The problem is that there is no ‘there’ there. This view is god is both unsatisfying and ultimately impotent. God is not ‘a being’ like we are a being – god is divine being. When we reference God ‘speaking’ is not by pushing air over vocal chords. When we talk about the hand of god we are not being literal. It is a poetic way envisioning or imagining the way in which the divine presence influences and animates all of creation.

I have tried to move toward a more integrated worldview that is holistic and interdependent.

So want to invite you to begin to or continue to deconstruct this terrible thought construct that we have inherited by looking out the window to creation and saying out loud:

“There is no such thing as the supernatural. God’s work is the most natural thing in the world”.

Please don’t think that this is merely semantics or a rhetorical device. It is a completely different worldview – complete with different ontology, cosmology, and metaphysic. I am not being clever or tricky when I say this stuff. It really is a different way of believing and participating in the world.

So in summary:

  1. Jesus didn’t believe in the supernatural (only the miraculous).
  2. The natural/supernatural split has not born good fruit historically.
  3. Creation is a living thing that God loves and that you are a part of.
  4. The church messed up by conceding the ‘natural’ world and taking the leftovers.
  5. We profess and confess that God’s work is the most natural thing in the world.

Please let me know your thoughts and your questions. I would love to be helpful in your migration to a more integrated and wholistic worldview. I hope that this model helps.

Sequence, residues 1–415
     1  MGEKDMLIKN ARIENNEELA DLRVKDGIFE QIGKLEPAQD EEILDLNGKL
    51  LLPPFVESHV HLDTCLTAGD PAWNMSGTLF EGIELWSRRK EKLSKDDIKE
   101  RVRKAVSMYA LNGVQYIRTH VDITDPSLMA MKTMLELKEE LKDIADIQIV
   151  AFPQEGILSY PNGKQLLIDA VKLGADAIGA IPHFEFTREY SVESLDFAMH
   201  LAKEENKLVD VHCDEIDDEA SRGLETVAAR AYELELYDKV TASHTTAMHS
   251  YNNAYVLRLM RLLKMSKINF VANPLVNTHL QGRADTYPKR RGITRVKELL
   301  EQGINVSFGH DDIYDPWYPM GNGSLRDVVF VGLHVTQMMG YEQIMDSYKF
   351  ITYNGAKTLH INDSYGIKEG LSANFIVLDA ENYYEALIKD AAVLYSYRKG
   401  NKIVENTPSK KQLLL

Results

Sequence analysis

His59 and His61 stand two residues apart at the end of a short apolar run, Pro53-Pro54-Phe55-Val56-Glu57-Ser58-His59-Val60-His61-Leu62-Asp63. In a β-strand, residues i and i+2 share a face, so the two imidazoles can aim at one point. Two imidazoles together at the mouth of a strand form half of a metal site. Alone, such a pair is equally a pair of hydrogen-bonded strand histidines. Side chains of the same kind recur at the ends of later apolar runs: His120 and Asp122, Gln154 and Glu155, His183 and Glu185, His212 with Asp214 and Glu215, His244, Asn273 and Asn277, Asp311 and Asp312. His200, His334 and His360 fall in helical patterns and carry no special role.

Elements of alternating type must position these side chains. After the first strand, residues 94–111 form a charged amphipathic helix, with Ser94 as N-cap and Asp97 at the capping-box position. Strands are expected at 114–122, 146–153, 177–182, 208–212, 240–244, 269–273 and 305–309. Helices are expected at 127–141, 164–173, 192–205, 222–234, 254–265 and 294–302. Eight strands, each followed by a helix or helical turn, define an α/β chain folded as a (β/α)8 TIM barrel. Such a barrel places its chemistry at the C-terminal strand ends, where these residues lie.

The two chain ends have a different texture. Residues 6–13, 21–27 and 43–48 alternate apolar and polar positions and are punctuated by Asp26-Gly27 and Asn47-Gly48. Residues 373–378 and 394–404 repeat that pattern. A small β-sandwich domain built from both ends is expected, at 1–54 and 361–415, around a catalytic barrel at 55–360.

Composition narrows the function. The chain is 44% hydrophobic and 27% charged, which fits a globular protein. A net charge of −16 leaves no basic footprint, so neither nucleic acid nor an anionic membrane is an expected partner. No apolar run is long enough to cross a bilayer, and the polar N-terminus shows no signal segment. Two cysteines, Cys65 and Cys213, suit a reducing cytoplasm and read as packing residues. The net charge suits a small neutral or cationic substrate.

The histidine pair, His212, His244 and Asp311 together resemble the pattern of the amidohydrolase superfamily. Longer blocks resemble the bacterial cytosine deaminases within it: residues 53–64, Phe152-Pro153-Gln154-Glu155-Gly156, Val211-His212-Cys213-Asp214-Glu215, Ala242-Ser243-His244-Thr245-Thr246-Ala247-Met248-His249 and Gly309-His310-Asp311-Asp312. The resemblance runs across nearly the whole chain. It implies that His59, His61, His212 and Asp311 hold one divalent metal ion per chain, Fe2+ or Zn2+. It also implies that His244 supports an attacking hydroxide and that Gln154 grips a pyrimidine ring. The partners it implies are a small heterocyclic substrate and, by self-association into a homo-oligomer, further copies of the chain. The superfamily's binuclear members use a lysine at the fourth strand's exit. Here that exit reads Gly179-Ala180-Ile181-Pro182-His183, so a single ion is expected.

.

___________
Somebody asked about miracles.

The miraculous is when the result is greater than you would expect from the ‘sum of its parts’. It is an event (in philosophy).
So we say ‘the miracle of child birth’ or ‘the miracle on the Hudson’ when Sully landed that plane.
I still believe in the miracle of healing. It is not predictable or formulaic or even reliable … it is always surprising. BUT it does happen. Medicine can be a part of it, diet is a part of it, rest is a part of it, and prayer can be a part of it.
I can believe in the miraculous without the addition of another super-natural ‘realm’ beyond this one. The super-natural split just comes with so much extra (and unnecessary) baggage.
Keep in mind that the Gospel of John calls them ‘signs & wonders’ … which is much healthier and more helpful.
A sign (in this way of thinking) is a symbol that participates in the reality that it points to. Miracles are signs of the inbreaking Kin-dom.
Communion can be like this for us! It is a symbol (the bread and cup) that participates in the reality that it points to – we all gather around the table as the body of christ – but the bread and cup are not supernatural.

1 Comment

  1. Bo, This is so important. Thank you for making these excellent points, for clarifying this important consequence of dualistic thinking. More please.